Wes “Scoop” Nisker is a journalist, radio DJ and teacher of Buddhist meditation and philosophy. He is also author of the book The Big Bang, The Buddha, and The Baby Boom, an autobiographical romp through spiritual trends, blocks and discoveries.
The book is hilarious, smart and has just enough skepticism to hold the attention of people who have not yet joined the ranks of “cosmic Oneness.” I appreciated its candor and decided I had to talk to Nisker myself.
MAUI TIME WEEKLY: I have a major problem managing time. How do you think Buddha would view procrastination?
WES NISKER: I think Buddha would say don’t procrastinate when it comes to understanding yourself, your true nature. You shouldn’t chastise yourself for being. It might be part of your character. You’re perfectly human, meaning you have to accept yourself.
What fatal flaw has Buddhism helped you with?
Painful self-consciousness. Who am I? How am I doing? Am I winning? Good enough, handsome enough? When I started reading about Buddhism it made a lot of sense to me, starting with the first noble truth. To begin with that, it sort of undercuts our idealism, the sense that we can live happily ever after. That appeals to especially people of my generation, who thought we could fix it all, but it wasn’t working out that way.
So there was a real beauty to the Buddhist philosophy with its central teaching about identity and self, that you are not separate, not isolate—you arise with all things. You really do begin to experience yourself in a different way when you meditate. You pay attention to your breath, you really being to experience that as a part of your identity, as a breathing organism, you become a cell in a great breathing of earthly life. It shifts your identity from the psychological to the biological. You come down from the story of your life to the facts of your life.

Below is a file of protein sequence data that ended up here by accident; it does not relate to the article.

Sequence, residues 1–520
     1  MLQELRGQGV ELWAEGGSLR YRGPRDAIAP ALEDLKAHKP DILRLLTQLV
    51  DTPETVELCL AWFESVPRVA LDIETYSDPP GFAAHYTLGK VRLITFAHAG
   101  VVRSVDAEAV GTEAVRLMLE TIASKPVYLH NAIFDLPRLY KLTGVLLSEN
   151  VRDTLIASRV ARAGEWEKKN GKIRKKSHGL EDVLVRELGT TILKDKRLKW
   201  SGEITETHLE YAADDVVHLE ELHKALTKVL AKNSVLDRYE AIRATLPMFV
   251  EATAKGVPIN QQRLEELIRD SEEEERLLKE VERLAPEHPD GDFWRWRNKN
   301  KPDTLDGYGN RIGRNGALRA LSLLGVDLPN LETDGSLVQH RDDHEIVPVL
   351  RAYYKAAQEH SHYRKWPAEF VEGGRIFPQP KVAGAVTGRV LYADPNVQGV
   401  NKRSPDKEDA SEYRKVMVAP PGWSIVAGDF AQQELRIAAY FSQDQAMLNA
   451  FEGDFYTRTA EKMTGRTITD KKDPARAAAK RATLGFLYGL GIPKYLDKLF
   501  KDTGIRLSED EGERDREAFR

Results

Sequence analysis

It’s going back to the basics. Meditation practices is eco-spirituality—it is an environmentally good practice to do, it brings us back to aliveness, the essence of who we are, and increases a reverence for the rest of life. As earthlings, we can dissolve our individual drama. We are one with all the other creatures on this planet. I think Darwin and Buddha would’ve gotten along fabulously.
What advice would you give to beginners on a similar spiritual journey?
Patience is a virtue. I think the most important thing is to realize you are perfectly human. This is a whole new game in the human experience—trying to tame your mind and understand yourself in these deeper ways is new. Don’t expect to create changes right away, and be kind to yourself, not judgmental. One of my mantras is “You are not your fault.” MTW